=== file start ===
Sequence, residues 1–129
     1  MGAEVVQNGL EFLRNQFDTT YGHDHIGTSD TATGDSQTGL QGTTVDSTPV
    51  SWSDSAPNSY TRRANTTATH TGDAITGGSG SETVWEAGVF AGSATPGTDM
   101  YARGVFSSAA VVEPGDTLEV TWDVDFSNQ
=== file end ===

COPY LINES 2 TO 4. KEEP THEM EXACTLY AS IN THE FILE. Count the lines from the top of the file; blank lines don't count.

     1  MGAEVVQNGL EFLRNQFDTT YGHDHIGTSD TATGDSQTGL QGTTVDSTPV
    51  SWSDSAPNSY TRRANTTATH TGDAITGGSG SETVWEAGVF AGSATPGTDM
   101  YARGVFSSAA VVEPGDTLEV TWDVDFSNQ